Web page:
JTF (just the facts): A group show containing 14 photographic works by 9 different artists/photographers, variously framed and matted, and hung against white walls in the single room gallery space. All of the works are unique. (Installation shots at right.)
The following artists/photographers have been included in the show, with the number of works on display and print details as background:
- Matthew Brandt: 1 chromogenic print soaked in Silver Lake water, 30×40, 2010
- John Chiara: 1 Ilfachrome print, 34×28, 2012
- Pierre Cordier & Gundi Falk: 2 chemigrams on paper, 20×20, 2011
- Agnes Eperjesi: 3 color photograms, 10×20, 2011
- Curtis Mann: 1 bleached chromogenic print, 30×40, 2011
- Klea McKenna: 2 photograms on gelatin silver fiber paper, 24×20, 2013
- Amanda Means: 2 developer on Ilford matte gelatin silver fiber paper prints, 24×20, 2005
- Floris Neusüss: 2 gelatin silver prints, 88×42 and 25×21, 1987, 1991
Comments/Context: The oxymoron of photographic uniqueness has always offered a set of specific challenges for photographers, forcing them to examine the very nature of the image making process itself. While inherent reproducibility may be the hallmark of most forms of the medium, artists have continually wanted to introduce hand crafted gestures, elements of chance, and original marks to photographs, undermining the usual multiplication and creating one of a kind artworks. This group show provides a recent sampler of this impulse, matching contemporary lines of thinking with a few representatives from the prior generation.
John Chiara, Curtis Mann, and Matthew Brandt all start with photographs that are recognizably representational (blue skies, trees, lakes, and other landscape elements are readily identifiable), but each quickly moves off from standard documentation into areas of improvisation. Chiara uses a custom made camera obscura, multiple exposures, and uneven cut paper to pile image atop image. Mann adds tiny dots of bleach in a large round circle, creating a transparent scrim like a light flare. And Brandt dips his image in the lake water it depicts, allowing the color chemistry to break down into unexpected abstract swirls.
Other artists forego the use of a camera, either heading into the darkroom to make photograms or playing with light sensitive paper in more uncontrolled environments. Floris Neusüss provides the baseline for traditional photogram work, mixing positive and negative silhouettes of bodies and greenery (often with added solarization) into complicated, overlapped abstractions. Agnes Eperjesi offers a contemporary foil to these works, with her photograms of newspapers, hands, flowers, and other random objects, all bathed in washes of drifting color. Klea McKenna’s photograms of raindrops are a process mystery; how she captured the literally thousands of individual drops with such amazing clarity (some like circles, others like bursts of flame) is a fascinating puzzle.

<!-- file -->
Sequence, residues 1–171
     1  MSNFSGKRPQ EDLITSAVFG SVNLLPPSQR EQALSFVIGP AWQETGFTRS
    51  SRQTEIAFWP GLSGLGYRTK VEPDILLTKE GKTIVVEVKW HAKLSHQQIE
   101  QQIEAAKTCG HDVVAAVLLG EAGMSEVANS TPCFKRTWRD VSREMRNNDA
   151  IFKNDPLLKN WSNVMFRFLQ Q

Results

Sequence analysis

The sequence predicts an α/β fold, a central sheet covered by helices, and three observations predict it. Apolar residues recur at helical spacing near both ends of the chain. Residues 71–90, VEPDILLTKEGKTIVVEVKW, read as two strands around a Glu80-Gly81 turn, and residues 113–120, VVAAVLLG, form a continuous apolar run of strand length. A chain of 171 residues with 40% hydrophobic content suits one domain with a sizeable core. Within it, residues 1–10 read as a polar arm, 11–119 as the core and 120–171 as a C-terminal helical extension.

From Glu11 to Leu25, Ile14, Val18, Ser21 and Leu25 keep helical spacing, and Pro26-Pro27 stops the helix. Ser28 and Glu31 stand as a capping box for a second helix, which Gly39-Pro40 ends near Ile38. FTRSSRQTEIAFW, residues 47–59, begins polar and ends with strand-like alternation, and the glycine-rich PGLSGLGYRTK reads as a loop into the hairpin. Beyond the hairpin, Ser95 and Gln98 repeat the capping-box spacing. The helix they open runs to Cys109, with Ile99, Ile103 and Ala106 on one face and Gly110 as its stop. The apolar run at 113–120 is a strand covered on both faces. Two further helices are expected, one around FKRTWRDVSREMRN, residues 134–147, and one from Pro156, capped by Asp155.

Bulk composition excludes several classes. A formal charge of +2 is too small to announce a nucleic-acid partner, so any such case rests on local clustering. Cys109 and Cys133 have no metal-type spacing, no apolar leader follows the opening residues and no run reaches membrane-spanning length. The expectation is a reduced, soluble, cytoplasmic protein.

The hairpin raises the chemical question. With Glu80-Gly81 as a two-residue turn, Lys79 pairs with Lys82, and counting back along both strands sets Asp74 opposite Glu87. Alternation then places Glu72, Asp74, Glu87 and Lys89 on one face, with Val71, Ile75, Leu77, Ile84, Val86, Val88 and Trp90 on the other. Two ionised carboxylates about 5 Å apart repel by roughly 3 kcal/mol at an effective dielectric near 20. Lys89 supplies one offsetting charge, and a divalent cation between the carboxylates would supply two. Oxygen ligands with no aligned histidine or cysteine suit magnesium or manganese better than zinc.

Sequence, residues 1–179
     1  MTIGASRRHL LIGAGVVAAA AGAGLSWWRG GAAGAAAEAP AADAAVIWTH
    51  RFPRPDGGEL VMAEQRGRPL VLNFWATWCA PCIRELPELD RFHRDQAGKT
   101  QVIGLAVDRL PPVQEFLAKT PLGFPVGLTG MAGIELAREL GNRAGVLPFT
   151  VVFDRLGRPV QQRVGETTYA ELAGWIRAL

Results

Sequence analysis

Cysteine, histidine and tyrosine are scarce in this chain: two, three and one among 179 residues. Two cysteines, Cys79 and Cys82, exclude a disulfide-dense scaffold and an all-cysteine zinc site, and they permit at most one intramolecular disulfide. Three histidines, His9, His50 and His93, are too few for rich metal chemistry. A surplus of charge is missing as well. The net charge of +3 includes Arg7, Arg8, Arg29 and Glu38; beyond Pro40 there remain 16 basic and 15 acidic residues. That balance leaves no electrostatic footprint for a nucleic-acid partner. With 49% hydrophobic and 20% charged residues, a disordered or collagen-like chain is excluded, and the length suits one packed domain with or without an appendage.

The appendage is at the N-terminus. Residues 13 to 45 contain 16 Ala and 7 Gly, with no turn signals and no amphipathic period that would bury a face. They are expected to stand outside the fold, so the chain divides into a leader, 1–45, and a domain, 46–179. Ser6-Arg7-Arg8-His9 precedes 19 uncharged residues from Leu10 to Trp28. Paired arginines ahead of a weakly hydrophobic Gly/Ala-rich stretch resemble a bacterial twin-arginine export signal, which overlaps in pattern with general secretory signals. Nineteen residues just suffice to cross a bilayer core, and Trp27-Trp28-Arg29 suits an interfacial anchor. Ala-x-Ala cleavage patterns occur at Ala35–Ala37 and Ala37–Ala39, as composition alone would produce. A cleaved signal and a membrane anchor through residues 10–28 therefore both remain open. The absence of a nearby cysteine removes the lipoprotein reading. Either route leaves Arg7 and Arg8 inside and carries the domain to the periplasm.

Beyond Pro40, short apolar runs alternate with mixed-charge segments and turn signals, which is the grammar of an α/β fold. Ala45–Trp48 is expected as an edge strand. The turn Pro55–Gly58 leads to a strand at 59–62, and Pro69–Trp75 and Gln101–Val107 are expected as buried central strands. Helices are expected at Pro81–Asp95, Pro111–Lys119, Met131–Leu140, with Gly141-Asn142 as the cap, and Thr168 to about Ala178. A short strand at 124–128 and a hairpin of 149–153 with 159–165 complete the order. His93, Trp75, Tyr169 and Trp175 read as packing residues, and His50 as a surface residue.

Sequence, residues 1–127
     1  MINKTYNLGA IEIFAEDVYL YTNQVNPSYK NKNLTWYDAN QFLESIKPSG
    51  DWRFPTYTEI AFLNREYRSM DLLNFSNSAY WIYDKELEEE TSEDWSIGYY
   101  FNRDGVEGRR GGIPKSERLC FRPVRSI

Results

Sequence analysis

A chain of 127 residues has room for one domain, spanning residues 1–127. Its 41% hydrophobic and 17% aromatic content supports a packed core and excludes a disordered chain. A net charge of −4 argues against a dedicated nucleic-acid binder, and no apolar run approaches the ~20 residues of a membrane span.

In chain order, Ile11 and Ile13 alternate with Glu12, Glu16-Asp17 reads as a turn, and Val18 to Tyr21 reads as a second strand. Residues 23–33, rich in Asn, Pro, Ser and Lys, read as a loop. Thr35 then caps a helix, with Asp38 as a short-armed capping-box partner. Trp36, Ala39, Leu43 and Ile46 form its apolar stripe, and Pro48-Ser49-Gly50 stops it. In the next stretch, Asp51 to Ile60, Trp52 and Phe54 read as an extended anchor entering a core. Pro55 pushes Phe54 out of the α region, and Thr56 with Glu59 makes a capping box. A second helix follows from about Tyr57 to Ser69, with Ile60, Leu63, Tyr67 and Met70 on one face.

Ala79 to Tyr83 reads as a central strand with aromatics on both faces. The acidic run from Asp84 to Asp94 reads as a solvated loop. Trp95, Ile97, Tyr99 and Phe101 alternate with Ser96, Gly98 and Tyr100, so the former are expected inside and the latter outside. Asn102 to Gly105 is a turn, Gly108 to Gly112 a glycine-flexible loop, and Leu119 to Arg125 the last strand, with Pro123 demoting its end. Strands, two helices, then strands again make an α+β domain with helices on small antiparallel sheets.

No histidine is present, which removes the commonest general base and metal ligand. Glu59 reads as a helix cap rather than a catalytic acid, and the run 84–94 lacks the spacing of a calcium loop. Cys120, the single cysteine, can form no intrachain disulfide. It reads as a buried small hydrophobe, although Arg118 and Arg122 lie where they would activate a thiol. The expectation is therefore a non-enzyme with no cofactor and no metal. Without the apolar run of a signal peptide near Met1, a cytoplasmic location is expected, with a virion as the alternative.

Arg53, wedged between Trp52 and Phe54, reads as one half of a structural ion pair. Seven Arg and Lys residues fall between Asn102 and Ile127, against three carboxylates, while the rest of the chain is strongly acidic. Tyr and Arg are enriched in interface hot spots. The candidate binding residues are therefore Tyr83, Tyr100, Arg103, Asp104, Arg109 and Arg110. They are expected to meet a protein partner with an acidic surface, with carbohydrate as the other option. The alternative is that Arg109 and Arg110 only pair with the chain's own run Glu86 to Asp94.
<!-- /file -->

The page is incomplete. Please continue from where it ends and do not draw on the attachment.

The remaining artists in the show take these ideas to their ultimate photographic limit, effectively drawing with developer on light sensitive paper. The chemigrams of Pierre Cordier and Gundi Falk are astonishingly intricate, with grids of squares and rectangles covered in concentric light brown polygons; there is a connection here to Chuck Close’s approach to painting his individual grid elements, but Cordier and Falk’s process is even more strict and controlled, except when the lines melt into tiny blobs and pools. Amanda Means takes a more fluid approach, allowing the developer to wash across her cut grid, creating fingers of color like the gullies of a dry river bed.
All in, this is a well-edited gathering of unique works, mixing both known and unknown names. It successfully defines the essential challenge of uniqueness and points to the diversity of innovative approaches being used to upend the idea of the repeatable photograph.
Collector’s POV: The prices for the works in this show are as follows:
- Matthew Brandt: $5000
- John Chiara: $6400
- Pierre Cordier & Gundi Falk: $21000 each
- Agnes Eperjesi: $3150 each
- Curtis Mann: $6700
- Klea McKenna: $2400 each
- Amanda Means: $4900 each
- Floris Neusüss: $23000 and $42000
Aside from Neusüss and Cordier, most of the photographers in this show have little or no secondary market history, although Brandt and Mann are recent regulars on the art fair circuit. As such, gallery retail is still the best option for those collectors interested in following up.